(Stigmatization and Inhumane Treatment of Krokodil Users) "In Russia and many other post-Soviet countries, the old ideology lingers on in narcological institutes, out of sync with modern public and mental health concepts (Grund et al., 2009). Many narcologists continue to view addiction as criminal or moral deviance and not as a disease. Narcological dispensaries continue to share information with law enforcement (Mendelevich, 2011). The threat of removal of child custody rights may impede women’s access to health care in particular (Shields, 2009).
New Psychoactive Substances (NPS)
New or novel psychoactive substances and "legal highs," including synthetic cannabinoids, mephedrone, ketamine, and more
(Harms Associated with Krokodil Use) "In recent years, harm reduction and drug treatment services from Russia, Ukraine, Georgia and Kazakhstan began reporting severe health consequences associated with krokodil injecting. Although serious localized and systemic harms have previously been associated with injecting homemade opiates and stimulants in the region (Grund, 2002; Volik, 2008), the harms associated with krokodil injecting are extreme and unprecedented.
(Krokodil - Reasons and Risks) "In sum, these observations suggest that the relatively limited availability of black market opiates and stimulants and the relative ease of harvesting legal precursors to powerful analogues from the countryside and pharmacies inspired and sustained a Soviet-style homemade drug culture in the Eastern European region that remains radically different from those observed in countries where narco-traffickers dominate the production and distribution of drugs (Booth, Kennedy, Brewster, & Semerik, 2003; Grund et al., 2009; Grund, 2005; Subata &
(Prevalence of Krokodile Use) "The estimated number of PWID in Russia was close to 2 million in 2008 (Mathers et al., 2008). 2.3% of the Russian population uses opioids annually and 1.4% heroin, compared to an annual prevalence of 0.4% opioid use in Western and Central Europe (UNODC, 2012).
(Krokodil Production) "In considering the drug krokodil, two aspects are of importance, its pharmacology and its chemistry. The short half-life, limited high after the impact effect and, in particular the need for frequent administration may narrow the attention of users on the (circular) process of acquiring, preparing and administering the drug, leaving little time for matters other than avoiding withdrawal and chasing high, as reported in several popular magazines (e.g. Shuster, 2011; Walker, 2011).
(Emergency Room Visits Related to NPS Use) "In the United States, the first report on synthetic cannabinoids from the Drug Abuse Warning Network revealed that an estimated 11,406 visits of the approximately 2,300,000 emergency department visits that involved drug use in 2010 were specifically linked to synthetic cannabinoids. Three quarters of these emergency department visits involved patients aged 12 to 29 (75 percent or 8,557 visits), of which 78 percent were male, and in the majority (59 percent) of these cases, no other substances were involved.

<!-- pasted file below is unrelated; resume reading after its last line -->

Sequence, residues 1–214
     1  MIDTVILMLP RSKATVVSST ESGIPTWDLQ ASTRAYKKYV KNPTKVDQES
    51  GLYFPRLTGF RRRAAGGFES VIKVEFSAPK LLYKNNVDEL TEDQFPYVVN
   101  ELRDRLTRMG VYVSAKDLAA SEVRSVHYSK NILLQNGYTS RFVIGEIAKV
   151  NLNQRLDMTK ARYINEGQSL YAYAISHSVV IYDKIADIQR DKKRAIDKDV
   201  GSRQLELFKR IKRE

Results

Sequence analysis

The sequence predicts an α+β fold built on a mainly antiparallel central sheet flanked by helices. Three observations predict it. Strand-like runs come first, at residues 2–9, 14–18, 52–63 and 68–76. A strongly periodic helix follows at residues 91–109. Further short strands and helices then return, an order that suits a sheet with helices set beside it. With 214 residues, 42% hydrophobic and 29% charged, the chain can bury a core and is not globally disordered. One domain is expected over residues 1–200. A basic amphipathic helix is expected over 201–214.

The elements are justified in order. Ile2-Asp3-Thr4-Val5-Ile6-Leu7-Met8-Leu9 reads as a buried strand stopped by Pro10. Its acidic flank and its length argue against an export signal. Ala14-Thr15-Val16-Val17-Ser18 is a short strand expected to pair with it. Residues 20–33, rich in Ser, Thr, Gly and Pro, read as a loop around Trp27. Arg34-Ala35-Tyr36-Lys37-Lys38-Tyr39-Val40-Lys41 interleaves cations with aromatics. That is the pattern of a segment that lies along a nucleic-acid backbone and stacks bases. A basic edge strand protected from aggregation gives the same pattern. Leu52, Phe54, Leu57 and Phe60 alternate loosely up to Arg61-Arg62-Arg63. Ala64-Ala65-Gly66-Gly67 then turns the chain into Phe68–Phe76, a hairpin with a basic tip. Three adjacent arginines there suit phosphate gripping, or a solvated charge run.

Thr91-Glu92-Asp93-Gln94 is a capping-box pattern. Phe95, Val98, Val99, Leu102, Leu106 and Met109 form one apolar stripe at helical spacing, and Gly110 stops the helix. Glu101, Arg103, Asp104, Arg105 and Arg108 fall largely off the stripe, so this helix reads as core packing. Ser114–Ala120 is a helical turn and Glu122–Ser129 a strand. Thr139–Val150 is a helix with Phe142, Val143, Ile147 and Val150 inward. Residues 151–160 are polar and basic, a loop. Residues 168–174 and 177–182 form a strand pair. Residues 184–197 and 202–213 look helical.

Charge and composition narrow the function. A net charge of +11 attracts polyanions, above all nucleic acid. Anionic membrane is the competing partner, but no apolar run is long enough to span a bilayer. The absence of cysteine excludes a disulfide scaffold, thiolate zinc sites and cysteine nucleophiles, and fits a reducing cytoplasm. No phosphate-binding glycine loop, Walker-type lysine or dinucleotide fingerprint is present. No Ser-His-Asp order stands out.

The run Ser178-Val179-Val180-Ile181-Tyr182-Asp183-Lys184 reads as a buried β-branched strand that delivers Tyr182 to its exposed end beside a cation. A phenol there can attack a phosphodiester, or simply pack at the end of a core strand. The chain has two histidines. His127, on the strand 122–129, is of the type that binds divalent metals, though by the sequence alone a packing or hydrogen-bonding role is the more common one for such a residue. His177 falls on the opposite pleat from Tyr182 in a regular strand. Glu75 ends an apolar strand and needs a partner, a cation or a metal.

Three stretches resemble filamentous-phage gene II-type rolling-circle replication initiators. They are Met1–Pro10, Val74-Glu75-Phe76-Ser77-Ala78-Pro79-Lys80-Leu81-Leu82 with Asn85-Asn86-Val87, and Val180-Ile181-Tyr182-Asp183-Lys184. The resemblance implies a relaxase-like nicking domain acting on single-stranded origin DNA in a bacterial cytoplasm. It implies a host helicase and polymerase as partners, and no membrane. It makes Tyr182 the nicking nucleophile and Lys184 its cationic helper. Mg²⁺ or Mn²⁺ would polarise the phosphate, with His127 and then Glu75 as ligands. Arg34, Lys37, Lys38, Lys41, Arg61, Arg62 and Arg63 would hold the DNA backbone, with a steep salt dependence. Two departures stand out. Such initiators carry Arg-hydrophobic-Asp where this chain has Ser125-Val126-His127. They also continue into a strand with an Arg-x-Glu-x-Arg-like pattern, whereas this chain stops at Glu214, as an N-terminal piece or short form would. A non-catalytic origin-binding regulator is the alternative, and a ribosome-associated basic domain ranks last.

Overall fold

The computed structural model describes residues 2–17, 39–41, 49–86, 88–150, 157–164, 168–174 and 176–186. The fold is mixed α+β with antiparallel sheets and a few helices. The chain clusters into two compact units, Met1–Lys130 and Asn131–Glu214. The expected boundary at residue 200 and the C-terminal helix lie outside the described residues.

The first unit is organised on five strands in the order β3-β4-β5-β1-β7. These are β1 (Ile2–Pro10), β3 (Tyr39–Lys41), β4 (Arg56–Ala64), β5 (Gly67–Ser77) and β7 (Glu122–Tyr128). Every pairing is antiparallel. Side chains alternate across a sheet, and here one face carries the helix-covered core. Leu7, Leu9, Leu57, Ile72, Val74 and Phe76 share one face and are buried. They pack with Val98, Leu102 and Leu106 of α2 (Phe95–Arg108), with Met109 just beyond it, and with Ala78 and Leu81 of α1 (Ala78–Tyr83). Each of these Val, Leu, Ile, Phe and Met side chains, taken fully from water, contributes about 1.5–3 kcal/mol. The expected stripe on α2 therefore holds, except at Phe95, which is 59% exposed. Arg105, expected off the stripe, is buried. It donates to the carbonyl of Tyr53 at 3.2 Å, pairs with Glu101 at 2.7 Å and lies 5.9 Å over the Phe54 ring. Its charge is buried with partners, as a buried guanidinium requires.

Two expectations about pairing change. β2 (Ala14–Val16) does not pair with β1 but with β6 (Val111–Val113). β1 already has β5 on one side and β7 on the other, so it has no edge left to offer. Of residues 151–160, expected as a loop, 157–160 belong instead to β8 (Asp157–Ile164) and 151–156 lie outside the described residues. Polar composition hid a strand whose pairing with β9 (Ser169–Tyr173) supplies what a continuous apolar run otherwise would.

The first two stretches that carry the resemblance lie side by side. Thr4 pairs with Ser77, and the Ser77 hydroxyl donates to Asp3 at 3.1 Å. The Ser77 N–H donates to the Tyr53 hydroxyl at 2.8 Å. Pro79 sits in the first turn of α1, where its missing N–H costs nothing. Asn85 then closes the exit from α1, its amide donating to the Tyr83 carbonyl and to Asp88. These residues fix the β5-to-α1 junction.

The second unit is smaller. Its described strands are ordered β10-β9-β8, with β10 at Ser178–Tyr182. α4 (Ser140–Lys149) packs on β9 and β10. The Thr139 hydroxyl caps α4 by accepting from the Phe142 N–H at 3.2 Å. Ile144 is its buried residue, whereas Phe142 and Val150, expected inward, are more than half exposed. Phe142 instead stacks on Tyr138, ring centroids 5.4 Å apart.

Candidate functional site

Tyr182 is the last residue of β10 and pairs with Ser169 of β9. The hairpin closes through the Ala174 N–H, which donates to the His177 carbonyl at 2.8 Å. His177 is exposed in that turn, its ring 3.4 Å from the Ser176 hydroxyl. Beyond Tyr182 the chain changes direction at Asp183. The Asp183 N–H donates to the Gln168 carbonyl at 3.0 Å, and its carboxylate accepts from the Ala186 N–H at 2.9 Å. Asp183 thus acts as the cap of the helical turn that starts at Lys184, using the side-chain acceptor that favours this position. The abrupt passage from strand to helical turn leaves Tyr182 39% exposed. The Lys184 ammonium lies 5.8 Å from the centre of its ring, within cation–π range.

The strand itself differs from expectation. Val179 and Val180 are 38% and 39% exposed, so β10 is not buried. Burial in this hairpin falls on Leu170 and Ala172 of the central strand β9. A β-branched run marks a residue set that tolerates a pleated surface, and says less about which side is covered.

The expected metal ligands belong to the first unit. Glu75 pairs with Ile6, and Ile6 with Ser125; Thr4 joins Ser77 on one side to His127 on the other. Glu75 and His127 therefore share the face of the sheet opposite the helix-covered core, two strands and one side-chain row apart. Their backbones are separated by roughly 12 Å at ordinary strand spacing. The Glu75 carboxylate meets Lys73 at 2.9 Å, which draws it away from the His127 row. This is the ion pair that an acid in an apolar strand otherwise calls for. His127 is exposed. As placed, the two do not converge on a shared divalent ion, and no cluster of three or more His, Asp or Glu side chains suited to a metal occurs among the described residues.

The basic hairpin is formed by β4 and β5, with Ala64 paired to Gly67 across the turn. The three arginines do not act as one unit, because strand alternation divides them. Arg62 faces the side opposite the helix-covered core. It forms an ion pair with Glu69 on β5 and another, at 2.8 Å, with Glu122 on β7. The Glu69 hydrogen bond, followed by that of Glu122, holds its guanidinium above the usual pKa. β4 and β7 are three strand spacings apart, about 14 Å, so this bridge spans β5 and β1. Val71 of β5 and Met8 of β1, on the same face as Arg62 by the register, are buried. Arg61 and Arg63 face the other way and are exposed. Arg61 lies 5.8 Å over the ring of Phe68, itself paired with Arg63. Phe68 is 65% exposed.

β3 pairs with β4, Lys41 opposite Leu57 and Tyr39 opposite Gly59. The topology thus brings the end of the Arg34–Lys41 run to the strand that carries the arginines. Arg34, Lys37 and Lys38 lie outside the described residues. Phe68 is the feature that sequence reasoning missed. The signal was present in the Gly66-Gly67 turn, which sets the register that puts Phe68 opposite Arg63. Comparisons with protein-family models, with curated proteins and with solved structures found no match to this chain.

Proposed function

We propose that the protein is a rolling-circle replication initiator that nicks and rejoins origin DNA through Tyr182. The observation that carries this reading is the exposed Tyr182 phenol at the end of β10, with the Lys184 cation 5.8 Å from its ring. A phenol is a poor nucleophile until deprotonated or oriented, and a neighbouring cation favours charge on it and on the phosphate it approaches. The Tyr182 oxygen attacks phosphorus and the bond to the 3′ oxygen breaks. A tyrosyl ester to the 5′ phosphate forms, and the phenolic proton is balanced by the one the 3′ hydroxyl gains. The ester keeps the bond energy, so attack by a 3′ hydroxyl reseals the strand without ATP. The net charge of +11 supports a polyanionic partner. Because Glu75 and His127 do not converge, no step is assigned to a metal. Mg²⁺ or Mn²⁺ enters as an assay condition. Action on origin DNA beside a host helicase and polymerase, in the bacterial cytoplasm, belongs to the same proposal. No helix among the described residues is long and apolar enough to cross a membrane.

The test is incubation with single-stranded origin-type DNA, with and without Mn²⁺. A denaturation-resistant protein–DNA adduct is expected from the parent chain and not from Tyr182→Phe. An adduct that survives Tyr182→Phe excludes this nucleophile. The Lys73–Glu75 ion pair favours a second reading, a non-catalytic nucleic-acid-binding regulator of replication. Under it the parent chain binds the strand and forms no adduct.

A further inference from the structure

(Reported Adverse Effects of Kratom) "In spite of the increasing use of this substance, scientific literature about the effects and toxicity of kratom alone remains very scarce.
(Description of Kratom) "Street names for kratom include ‘thang’, ‘kakuam’, ‘thom’, ‘ketum’ and ‘biak’. Kratom leaves are usually consumed fresh, although dried leaves in powder form are also available. The fresh leaves are chewed while the powder form is often either swallowed or brewed into tea. Dried leaves are rarely smoked."
(Reported Adverse Effects of Khat) "It has been estimated that a typical chewing session of khat results in the absorption of its active constituents with an activity equivalent to that of approximately 5 mg of amphetamine.81 The pharmacological effects of khat resemble those of amphetamine use, and includes increased alertness, euphoria, hyperthermia, anorexia, increased respiration rate, heart rate and blood pressure.82
(Description of Khat) "Street names for khat include ‘qat’, ‘gat’, ‘chat’, ‘miraa’, ‘murungu’ and ‘Arabian or Abyssinian tea’. Due to the degradation of cathinone, khat leaves need to be consumed soon after harvesting and therefore fresh leaves of khat are the preferred form of use, but dried leaves (‘graba’) are also available. Khat is usually consumed by chewing the leaves and shoots of the plant, but infusions are also possible. Recently, alcoholic extracts of khat sold as ‘herbal highs’ have been reported.80"